Jan 3, 2013 - By Matt Volz, The Associated PressA wildlife advocacy group sued the federal government in 2012 over delayed responses to public-records requests and a failure to turn over all requested documents related to wild bison from Yellowstone National Park.
The federal agency responsible for protecting animal and plant health has agreed to improve how it responds to public-records requests after a Montana wildlife advocacy group claimed the agency regularly put off responses to Freedom of Information Act queries regarding bison in Wyoming and two other states.
The U.S. Department of Agriculture's Animal and Plant Health Inspection Service will now provide an explanation when it claims that unusual circumstances prevent the agency from responding to FOIA requests within the statutory limits.
The agency's responses also will include a phone number or website to track requests, and its staff will be trained on responding to requests, according to the settlement agreement approved by U.S. District Judge Donald Molloy on Dec. 21.
A Montana wildlife advocacy group sued APHIS in March 2012 over delayed responses to public-records requests and a failure to turn over all requested documents related to wild bison from Yellowstone National Park.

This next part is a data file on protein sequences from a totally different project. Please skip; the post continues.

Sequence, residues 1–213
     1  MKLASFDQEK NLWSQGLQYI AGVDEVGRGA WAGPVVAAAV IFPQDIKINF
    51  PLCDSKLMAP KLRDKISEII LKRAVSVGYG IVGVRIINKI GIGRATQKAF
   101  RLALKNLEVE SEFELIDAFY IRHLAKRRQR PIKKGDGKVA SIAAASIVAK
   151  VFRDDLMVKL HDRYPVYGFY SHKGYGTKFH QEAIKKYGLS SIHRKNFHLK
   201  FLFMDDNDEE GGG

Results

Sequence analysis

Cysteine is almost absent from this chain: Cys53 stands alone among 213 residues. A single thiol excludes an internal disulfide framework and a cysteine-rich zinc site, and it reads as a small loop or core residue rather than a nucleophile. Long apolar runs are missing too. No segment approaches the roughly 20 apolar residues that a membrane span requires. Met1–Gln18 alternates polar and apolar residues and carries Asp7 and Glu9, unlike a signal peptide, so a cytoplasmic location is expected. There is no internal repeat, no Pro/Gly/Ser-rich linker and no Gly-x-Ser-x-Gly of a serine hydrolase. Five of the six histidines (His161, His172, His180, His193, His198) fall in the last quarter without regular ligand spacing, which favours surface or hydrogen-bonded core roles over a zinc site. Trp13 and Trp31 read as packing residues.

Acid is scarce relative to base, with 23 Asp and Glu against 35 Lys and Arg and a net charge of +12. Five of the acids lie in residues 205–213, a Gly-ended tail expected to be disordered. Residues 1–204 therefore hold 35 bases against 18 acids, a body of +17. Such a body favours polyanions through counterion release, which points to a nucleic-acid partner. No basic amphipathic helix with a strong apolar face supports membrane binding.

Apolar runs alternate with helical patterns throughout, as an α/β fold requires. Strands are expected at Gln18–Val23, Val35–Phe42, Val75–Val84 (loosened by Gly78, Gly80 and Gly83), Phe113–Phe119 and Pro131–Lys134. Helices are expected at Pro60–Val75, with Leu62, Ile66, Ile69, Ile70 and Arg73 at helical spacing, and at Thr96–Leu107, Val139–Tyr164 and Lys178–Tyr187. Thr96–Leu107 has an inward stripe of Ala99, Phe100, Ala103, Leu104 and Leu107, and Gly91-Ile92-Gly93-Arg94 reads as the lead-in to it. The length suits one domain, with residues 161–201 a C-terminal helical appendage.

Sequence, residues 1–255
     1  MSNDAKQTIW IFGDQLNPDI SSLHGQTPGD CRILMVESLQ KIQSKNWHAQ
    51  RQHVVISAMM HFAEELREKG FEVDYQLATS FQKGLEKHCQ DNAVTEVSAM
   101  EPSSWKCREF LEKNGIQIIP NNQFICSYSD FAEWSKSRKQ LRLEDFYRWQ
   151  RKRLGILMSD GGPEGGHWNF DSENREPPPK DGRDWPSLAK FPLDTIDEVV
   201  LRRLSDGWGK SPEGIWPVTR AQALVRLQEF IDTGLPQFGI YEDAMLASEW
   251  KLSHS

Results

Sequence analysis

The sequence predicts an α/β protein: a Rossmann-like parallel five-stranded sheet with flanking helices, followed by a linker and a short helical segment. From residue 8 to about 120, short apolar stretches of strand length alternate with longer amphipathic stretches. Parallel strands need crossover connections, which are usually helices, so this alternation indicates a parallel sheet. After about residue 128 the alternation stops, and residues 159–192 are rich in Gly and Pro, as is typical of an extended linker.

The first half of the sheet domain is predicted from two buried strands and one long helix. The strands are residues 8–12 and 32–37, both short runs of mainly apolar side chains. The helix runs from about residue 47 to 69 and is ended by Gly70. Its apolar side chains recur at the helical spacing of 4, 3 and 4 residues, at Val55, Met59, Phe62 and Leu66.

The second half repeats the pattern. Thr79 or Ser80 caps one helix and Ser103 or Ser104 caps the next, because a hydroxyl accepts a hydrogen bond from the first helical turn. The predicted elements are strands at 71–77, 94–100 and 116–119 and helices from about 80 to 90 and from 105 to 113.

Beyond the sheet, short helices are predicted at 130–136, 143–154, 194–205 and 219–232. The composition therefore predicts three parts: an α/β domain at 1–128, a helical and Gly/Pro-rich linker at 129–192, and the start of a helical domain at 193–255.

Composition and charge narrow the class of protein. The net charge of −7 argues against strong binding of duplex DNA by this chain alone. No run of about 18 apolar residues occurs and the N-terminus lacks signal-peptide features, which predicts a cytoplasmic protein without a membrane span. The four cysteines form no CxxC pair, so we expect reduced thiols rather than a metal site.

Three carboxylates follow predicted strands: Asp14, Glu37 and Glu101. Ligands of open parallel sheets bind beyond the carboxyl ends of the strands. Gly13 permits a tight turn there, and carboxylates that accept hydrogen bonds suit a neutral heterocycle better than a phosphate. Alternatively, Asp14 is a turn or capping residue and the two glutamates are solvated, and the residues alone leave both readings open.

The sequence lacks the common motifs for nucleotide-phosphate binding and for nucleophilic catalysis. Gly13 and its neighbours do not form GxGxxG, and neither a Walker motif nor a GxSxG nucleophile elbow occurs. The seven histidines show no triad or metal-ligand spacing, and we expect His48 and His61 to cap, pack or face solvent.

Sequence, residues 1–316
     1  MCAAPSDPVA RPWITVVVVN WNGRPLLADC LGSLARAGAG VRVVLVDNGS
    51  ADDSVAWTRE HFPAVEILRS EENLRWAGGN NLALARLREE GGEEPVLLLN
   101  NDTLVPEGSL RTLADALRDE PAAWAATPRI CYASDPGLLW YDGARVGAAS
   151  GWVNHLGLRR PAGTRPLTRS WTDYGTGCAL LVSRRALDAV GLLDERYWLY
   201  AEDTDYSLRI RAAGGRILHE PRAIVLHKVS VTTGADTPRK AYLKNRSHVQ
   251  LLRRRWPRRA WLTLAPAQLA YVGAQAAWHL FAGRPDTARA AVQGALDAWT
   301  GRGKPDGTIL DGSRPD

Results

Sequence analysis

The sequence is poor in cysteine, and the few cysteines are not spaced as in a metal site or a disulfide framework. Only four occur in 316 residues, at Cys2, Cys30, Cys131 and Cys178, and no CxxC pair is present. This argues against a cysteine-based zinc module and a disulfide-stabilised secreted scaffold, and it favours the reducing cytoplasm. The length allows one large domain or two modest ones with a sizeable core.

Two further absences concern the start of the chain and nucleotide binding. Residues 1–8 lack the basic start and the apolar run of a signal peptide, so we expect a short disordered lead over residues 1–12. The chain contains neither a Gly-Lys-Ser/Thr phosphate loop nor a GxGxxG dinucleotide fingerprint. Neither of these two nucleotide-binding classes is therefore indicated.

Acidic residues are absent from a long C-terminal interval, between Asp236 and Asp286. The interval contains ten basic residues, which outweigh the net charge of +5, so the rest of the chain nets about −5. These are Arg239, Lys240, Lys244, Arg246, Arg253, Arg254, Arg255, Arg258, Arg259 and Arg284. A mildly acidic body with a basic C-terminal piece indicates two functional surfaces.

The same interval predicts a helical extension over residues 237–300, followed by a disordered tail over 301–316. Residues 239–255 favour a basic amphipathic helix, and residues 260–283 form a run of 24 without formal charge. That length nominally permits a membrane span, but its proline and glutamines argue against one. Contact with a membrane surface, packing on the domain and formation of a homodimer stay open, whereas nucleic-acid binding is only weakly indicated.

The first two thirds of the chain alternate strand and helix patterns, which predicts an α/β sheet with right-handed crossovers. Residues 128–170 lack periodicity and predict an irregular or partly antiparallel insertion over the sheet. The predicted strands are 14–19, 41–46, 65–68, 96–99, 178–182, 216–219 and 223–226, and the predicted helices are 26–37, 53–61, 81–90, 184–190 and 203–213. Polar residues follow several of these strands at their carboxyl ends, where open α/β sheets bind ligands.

The Buffalo Field Campaign's six requests between 2011 and 2012 involve records from APHIS programs dealing with bison disease and population control, and include tracing reports for diseased cattle in Idaho, Montana and Wyoming.
The advocacy group said in its lawsuit that the federal agency was unresponsive to its requests or used an "unusual circumstances" exception to repeatedly delay responding to requests. When the agency finally did respond, some documents were withheld, the advocacy group said.
The Freedom of Information Act requires an agency to respond to a public-records request within 20 working days. There is an exception that allows a government agency facing unusual circumstances to extend that deadline by 10 working days.
The circumstances can include the need to search for records from several offices, the need to consult among different groups or the sheer number of records requested.
The changes don't affect the entire agriculture department, only APHIS, spokeswoman Lyndsay Cole said Wednesday. The agency already is as responsive as possible to public-records requests, she said.
"This doesn't really change much," Cole said. "This lays out a few more specific things we need to do, but we will continue to be compliant" in responding to FOIA requests, Cole said.
Buffalo Field Campaign habitat coordinator Darrell Geist disagreed, saying the settlement should correct what had become a "pattern of practice" by APHIS to withhold public records. He said his group plans to test whether the agency has complied with the agreement by filing a request later this month on records related to a bull-semen study.
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